Senate Dems unveil $1.1T spending bill

Senate Democrats have filed a $1.1 trillion omnibus spending bill that would fund the government through fiscal year 2011, according to Senate GOP sources.
 
The 1,924-page bill includes funding to implement the sweeping healthcare reform bill Congress passed earlier this year as well as additional funds for Internal Revenue Service agents, according to a senior GOP aide familiar with the legislation.
 

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The package drew a swift rebuke from Sen. John ThuneJohn Randolph ThuneGOP senators rebuke Trump for using 'Wounded Knee' as 'punchline' GOP senators challenge Trump on shutdown strategy Republican senators skeptical of using national emergency for wall funding MORE (R-S.D.), chairman of the Senate Republican Policy Committee.
 
"The attempt by Democrat leadership to rush through a nearly 2,000-page spending bill in the final days of the lame-duck session ignores the clear will expressed by the voters this past election," Thune said in a statement. "This bill is loaded up with pork projects and should not get a vote. Congress should listen to the American people and stop this reckless spending.”
 
Thune has called for a short-term funding measure free of earmarks to keep the government operating beyond Dec. 18, when the current continuing resolution expires.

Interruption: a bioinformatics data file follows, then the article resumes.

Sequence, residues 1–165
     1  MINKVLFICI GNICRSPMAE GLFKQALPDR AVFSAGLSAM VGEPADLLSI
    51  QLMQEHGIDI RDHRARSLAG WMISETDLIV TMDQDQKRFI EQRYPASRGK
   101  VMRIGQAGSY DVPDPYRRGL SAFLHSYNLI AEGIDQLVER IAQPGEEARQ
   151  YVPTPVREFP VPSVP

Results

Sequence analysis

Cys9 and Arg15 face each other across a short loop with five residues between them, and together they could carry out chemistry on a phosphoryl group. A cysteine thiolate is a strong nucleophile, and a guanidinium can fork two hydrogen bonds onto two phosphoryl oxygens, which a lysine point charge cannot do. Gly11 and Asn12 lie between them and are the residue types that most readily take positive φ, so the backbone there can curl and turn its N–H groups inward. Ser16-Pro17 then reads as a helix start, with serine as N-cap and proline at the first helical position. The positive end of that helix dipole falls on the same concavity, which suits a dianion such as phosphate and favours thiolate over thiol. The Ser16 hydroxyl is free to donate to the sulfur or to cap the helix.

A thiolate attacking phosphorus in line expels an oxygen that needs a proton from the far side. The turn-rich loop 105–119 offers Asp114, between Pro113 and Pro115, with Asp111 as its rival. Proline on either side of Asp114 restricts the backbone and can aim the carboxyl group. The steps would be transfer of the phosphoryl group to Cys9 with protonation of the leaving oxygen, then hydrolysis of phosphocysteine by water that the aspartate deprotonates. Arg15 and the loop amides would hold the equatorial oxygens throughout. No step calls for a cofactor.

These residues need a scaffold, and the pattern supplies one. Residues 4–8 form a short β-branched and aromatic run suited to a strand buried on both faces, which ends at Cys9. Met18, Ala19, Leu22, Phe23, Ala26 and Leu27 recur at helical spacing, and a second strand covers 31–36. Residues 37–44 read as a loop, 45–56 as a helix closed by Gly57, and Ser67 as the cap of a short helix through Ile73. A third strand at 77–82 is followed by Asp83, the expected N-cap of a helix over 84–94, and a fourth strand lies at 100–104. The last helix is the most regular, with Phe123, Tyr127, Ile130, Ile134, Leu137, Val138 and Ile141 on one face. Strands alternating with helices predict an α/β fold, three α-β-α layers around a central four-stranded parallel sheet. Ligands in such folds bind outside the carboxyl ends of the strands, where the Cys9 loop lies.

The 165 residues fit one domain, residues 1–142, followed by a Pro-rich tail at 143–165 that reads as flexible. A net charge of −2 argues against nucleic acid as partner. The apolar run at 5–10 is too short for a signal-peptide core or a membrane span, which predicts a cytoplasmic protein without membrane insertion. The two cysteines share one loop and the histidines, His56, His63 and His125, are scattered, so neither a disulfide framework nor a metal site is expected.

Despite strong opposition from Thune and Senate GOP Leader Mitch McConnellAddison (Mitch) Mitchell McConnellRomney calls on Steve King to resign after comments on white supremacy Don't underestimate the power of nationwide outrage born from financial desperation Top Dem introduces short-term spending bills to reopen government MORE (Ky.), several Senate Republicans are considering voting for the bill.
 
“That’s my intention,” said retiring Sen. Bob Bennett (R-Utah) when asked if he would support the package.
 
Bennett said earmarks in the bill might give some of his GOP colleagues reason to hesitate but wouldn’t affect his vote.
 
“It will be tough for some, but not for me,” he said.

GOP Sens. Kit Bond (Mo.), George Voinovich (Ohio) and Susan CollinsSusan Margaret CollinsSenators restart shutdown talks — and quickly hit roadblocks TSA absences raise stakes in shutdown fight Don't underestimate the power of nationwide outrage born from financial desperation MORE (Maine) also told The Hill on Tuesday they would consider voting for the omnibus but want to review it before making a final decision.
 
“I hope to be able to vote for one,” Bond said of the omnibus. “We’ve got to look what’s in it.
 
“I’m anxious to see it,” he added.